The New Trends in the Foodservice Industry Friddle, Sandeep and Jean’s The food service industry: trends and changing structure in the new millennium (2001) is an exploratory study investigating current trends in the foodservice industry. This study offers a review of current and future developments in the economic, technological and labor markets and their implications for the foodservice industry. The study findings indicate that changing customer demographics are the driving force behind the developments in the food service industry. The article notes that the baby boomers’ food consumption demand has been on the rise in the recent past.
These consumers are not concerned about recession and unemployment, they tend to value retail and in-store experience and record the highest number of high-end restaurant visits. In addition to this, they are more concerned about their health while purchasing products and services (11). This article is, therefore, important in understanding the changing landscape of consumer demographics and its implications to the foodservice industry. It also equips food retailers and restaurants with relevant strategies for segmenting the market and designing products and services that meet the needs of the various population cohorts.
Friddle, Sandeep and Jean (13) observe that the continued growth in the baby boomer and senior’s segment is driving further outcomes in the foodservice industry. Firstly, there has been the emergence of grocery and foodservice under one retail store and one business enterprise. This phenomenon occurs because the consumers in older market segment have the tendency to match ready-to-eat foods with other groceries, beverages and fresh produce ingredients as a way of customizing their eating diets.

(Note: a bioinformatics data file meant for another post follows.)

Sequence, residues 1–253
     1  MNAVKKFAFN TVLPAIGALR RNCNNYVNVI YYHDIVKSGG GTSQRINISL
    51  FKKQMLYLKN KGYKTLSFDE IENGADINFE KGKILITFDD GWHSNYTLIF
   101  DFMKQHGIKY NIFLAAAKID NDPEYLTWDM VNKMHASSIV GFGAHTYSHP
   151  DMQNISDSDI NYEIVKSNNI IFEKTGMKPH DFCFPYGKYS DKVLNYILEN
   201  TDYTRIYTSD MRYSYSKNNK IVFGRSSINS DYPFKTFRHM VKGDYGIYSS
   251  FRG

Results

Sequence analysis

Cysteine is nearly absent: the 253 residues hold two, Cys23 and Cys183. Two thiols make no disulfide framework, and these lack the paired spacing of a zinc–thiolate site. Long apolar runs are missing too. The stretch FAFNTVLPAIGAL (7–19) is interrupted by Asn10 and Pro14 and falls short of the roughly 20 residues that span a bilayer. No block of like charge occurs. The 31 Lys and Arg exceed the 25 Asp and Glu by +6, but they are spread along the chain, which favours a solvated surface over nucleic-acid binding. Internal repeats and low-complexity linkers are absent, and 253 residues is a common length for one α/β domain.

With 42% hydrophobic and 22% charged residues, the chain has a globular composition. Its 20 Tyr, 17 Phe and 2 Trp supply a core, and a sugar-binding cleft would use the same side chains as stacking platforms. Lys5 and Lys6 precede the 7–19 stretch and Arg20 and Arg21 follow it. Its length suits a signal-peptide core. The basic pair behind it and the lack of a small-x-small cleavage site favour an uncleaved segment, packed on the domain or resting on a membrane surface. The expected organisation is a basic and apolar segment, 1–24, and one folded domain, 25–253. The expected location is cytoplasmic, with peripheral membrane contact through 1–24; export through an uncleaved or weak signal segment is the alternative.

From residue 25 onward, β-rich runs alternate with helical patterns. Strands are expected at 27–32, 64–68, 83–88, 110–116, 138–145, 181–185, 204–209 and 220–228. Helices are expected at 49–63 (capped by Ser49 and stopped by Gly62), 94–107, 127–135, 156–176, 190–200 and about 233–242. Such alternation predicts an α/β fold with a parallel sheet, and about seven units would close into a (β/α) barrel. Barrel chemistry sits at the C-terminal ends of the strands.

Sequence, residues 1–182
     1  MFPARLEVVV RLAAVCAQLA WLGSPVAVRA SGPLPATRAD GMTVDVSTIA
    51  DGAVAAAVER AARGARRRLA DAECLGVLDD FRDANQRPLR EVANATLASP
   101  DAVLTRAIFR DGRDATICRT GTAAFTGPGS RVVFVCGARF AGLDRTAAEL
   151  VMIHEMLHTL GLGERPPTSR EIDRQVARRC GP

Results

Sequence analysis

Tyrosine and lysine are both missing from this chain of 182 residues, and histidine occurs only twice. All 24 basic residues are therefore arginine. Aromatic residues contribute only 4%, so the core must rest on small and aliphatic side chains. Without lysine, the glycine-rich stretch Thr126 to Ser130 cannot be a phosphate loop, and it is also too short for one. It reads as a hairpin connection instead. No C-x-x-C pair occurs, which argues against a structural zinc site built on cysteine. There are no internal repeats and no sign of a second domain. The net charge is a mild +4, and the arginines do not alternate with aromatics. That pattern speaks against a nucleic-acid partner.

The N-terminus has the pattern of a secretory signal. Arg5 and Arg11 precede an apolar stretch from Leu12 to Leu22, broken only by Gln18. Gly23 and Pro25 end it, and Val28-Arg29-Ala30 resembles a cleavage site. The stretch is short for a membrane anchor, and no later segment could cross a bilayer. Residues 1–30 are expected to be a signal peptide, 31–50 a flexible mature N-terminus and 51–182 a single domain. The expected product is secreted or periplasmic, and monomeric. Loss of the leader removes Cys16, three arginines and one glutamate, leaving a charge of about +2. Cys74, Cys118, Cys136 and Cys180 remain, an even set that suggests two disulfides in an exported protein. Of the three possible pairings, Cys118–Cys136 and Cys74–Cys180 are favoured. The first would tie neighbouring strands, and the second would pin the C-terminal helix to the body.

Secondly, there has been continued competition in the foodservice industry as the various foodservice providers seek to increase their market share and tap into this lucrative market segment. Thirdly, there has been continued increase in food product and menu innovation with the aim of increasing quality, eating experience and gaining competitive advantage over rivals. Fourthly, there has been a shift of consumer preference from cost factors to other evaluation valuables such as diets, nutritional and health concerns in the selection of foodservice restaurants.
Growth in the baby boomers and seniors population, who have a high purchasing power, is likely to lead to continued growth in the food service industry. According to Friddle, Sandeep and Jean, this market segment has high disposable income, wide travelling and eating experiences and less cooking skills compared to the younger generation Y segment (11).
Increased spending in the foodservice sector, by baby boomer and senior consumers, will lead to the growth of the industry. Marketers will have a wider market segment to tap from and new foodservice and retail establishments will emerge with the aim of targeting this market segment. We are also likely to experience growth in foodservice technology as companies seek to stay ahead of the competition.